Former Secretary of State James Baker on Sunday warned that President-elect Donald Trump's new administration "cannot be Israel's lawyer" if it expects to successfully broker peace in the Arab/Israeli conflict.
In an interview aired Sunday on CNN's "Fareed Zakaria GPS," Baker said he hopes Trump "will immerse himself" in the issue of peace in the Middle East because "it takes leadership at the very top of America's government if that's got any chance of succeeding."
"But you can't think you can succeed at that if you are in effect so biased one way or the other," he warned. "You cannot be Israel's lawyer and expect to solve the Palestinian/Israeli dispute… You have to be seen to be at least a semi-honest broker."
Baker said he doesn't know Trump's choice of David Friedman as ambassador to Israel, but does not agree with annexing the West Bank or moving the U.S. embassy from Tel Aviv to Jerusalem.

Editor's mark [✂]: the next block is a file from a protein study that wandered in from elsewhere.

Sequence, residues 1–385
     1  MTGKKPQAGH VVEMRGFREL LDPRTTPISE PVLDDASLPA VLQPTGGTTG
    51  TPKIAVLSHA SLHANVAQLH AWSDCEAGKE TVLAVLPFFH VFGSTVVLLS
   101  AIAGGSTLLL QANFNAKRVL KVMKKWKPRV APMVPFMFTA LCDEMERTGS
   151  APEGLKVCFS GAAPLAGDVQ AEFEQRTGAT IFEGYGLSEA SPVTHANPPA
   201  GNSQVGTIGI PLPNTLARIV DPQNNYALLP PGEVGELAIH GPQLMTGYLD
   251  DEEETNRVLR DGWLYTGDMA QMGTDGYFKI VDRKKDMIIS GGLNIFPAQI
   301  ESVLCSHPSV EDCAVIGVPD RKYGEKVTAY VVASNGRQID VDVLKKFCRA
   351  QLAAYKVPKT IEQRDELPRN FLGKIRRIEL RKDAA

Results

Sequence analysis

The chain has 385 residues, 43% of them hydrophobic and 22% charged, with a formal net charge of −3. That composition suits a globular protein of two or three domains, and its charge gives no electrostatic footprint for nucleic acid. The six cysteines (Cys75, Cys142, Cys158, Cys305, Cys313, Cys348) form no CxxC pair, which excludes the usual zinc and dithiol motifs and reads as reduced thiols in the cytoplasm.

"But if he expects to solve this terribly difficult problem of Israeli/Arab conflict, he is going to have to be seen to be somewhat of an honest broker or it isn't going to happen.," he said of Friedman.
Baker also said the much-criticized abstention by the United States in a U.N. censure of Israel on its West Bank settlements was "very consistent with long standing U.S. policy."
"If you go back and look at a lot of the resolutions — in fact there was one in 1980 specifically on settlements in which the United States sustained, didn't veto," he pointed out. "This was not a break with long standing tradition. "
"The reason why I think settlements are a bad idea is they tend to create facts on the ground which make it hard to negotiate for that piece of land," he continued. "If you create facts on the ground there is nothing really left to discuss about trading land for peace."
Baker, who served as an adviser to Presidents Ronald Reagan and George H.W. Bush, said a two state-solution to the Israeli-Palestinian conflict is the only solution.
"If we're talking about abandoning the two-state solution and leaving it, that's going to create serious problems for the United States, not just with respect to the Arab-Israeli dispute, but it's going to create serious problems for us more generally in the region as a whole," he said.
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